New to the Site? Click Here for a Primer!

Friday, October 13, 2017

Theory Musing: The Anime Kickstarter Konundrum

At Otakon this year, one of my favorite panels I attended was the Right Stuf panel, and one of the most interesting announcements made there was that Aria the Animation would receive an English dub if a Kickstarter drive for the new Blu-Ray release was to succeed. I knew that Aria in general had a fervent fanbase, so my immediate feeling upon hearing "Dark Lord" Shawne Kleckner announce this drive was, "Oh, this is going to succeed, easily."

That being said, even I couldn't imagine it earning nearly four times its initial goal, resulting in every season of the Aria anime, including the previously unlicensed Aria the Avvenire OVA from 2015, receiving an English dub. I have nothing but happiness for the fans of this anime series (I'm personally fine with the DVDs I have yet to watch), but at the same time it started to make me think. Are anime crowdfunding successes like Aria an indicator that there is potential for smaller name & niche anime to be given chances that they would normally never be given outside of Japan, or is this just more proof that these can only reliably succeed for titles that already have existing fanbases to support them in the first place? Before all of that, though, let's start at the beginning...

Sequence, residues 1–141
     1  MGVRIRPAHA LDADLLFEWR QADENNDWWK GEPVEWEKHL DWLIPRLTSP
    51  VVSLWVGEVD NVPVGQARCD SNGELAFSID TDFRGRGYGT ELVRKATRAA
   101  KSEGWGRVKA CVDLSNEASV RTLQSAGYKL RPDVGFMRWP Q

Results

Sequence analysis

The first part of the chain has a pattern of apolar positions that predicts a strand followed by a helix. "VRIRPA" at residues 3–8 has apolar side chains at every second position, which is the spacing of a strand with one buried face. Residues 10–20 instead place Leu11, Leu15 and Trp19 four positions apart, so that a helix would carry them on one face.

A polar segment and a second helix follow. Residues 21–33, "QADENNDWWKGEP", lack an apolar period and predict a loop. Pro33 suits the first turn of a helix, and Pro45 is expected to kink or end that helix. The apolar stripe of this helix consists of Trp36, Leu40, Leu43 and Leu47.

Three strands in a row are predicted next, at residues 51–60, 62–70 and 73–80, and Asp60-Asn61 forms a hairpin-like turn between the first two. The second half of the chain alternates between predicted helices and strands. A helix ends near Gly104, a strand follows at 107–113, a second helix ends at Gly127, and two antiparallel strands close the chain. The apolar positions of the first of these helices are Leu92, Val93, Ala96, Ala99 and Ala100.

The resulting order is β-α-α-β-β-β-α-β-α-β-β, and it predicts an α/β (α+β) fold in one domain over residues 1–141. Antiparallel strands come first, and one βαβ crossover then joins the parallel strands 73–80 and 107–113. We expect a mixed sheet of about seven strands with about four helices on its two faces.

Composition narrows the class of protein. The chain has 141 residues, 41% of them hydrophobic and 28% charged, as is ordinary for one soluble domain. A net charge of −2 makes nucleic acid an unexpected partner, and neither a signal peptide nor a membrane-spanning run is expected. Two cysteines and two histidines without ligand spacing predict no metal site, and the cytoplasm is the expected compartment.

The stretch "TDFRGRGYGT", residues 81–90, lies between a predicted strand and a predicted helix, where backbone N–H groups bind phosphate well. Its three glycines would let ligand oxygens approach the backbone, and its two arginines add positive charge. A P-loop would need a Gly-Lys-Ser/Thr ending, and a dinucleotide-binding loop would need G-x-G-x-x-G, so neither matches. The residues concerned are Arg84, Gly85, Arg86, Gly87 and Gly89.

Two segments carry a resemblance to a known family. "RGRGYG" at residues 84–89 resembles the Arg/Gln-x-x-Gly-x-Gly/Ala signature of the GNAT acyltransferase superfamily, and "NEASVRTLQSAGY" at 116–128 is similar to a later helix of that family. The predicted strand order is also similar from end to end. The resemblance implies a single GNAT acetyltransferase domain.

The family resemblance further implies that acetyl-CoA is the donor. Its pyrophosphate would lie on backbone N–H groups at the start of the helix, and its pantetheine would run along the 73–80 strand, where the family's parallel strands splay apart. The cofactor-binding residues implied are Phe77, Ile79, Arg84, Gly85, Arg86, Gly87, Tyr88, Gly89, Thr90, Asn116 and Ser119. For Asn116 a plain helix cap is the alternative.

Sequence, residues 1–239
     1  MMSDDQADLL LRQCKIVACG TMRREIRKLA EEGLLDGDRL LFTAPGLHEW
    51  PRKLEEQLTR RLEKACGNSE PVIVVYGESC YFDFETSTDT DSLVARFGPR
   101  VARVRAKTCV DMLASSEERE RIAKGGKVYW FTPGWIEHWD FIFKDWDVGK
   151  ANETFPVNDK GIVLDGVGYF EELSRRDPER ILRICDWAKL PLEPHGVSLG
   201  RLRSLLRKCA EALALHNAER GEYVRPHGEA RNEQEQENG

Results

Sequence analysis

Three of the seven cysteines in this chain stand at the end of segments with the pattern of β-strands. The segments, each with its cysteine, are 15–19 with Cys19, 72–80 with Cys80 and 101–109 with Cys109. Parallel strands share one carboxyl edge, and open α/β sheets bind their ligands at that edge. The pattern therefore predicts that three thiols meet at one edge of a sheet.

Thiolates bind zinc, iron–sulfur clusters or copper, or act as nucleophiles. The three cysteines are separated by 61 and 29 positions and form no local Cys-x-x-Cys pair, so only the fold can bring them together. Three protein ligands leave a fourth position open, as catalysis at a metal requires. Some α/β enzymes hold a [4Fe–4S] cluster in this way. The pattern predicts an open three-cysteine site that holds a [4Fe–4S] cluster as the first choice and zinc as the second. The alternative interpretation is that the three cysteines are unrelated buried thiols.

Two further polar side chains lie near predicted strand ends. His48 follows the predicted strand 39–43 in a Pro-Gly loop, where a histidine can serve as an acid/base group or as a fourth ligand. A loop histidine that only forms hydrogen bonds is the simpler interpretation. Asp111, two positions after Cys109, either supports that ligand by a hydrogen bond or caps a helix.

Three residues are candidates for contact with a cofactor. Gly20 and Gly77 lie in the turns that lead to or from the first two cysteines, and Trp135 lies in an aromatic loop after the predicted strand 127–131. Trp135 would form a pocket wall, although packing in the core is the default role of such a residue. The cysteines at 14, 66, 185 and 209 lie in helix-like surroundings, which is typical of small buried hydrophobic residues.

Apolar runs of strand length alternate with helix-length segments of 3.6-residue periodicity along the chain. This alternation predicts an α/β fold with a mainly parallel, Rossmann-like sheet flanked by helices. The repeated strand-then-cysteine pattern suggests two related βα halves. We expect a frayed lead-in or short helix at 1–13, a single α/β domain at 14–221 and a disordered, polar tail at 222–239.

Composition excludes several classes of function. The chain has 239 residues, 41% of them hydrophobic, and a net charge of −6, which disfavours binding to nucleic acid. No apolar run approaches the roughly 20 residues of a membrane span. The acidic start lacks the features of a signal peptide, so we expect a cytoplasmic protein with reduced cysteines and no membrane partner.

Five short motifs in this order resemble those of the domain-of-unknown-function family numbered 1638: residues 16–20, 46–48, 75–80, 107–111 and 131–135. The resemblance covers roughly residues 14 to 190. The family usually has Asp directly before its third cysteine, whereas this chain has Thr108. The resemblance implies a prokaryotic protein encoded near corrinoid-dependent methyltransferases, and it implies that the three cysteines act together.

If you somehow aren't familiar with Kickstarter, it's a site where people & companies can start drives that requires the general public to pledge funding to in order to achieve a required goal. While there are other sites like it, such as IndieGoGo or Fig, KS has the most notoriety behind it, and even recently has started allowing drives based in Asia. Eventually, the Japanese anime industry would come to notice the potential of crowdfunding, & on October 1, 2012 Production I.G. teamed with director Masaaki Yuasa to crowdfund an original OVA short titled Kick-Heart. With a goal of $150,000, the OVA would earn over $200,000, which resulted in it being two minutes longer than initially planned & even receiving two English dubs (one professional & with one with backers voicing the cast); I not only supported this drive but also reviewed it back in July of 2013. The success of this drive has since opened up the gates for anime crowdfunding, with successes like Santa Company, Under the Dog, Mecha-Ude, Nekopara, Cannon Busters, & others which were done via Japan-exclusive sites, but I'll only be focusing on Kickstarter campaigns here.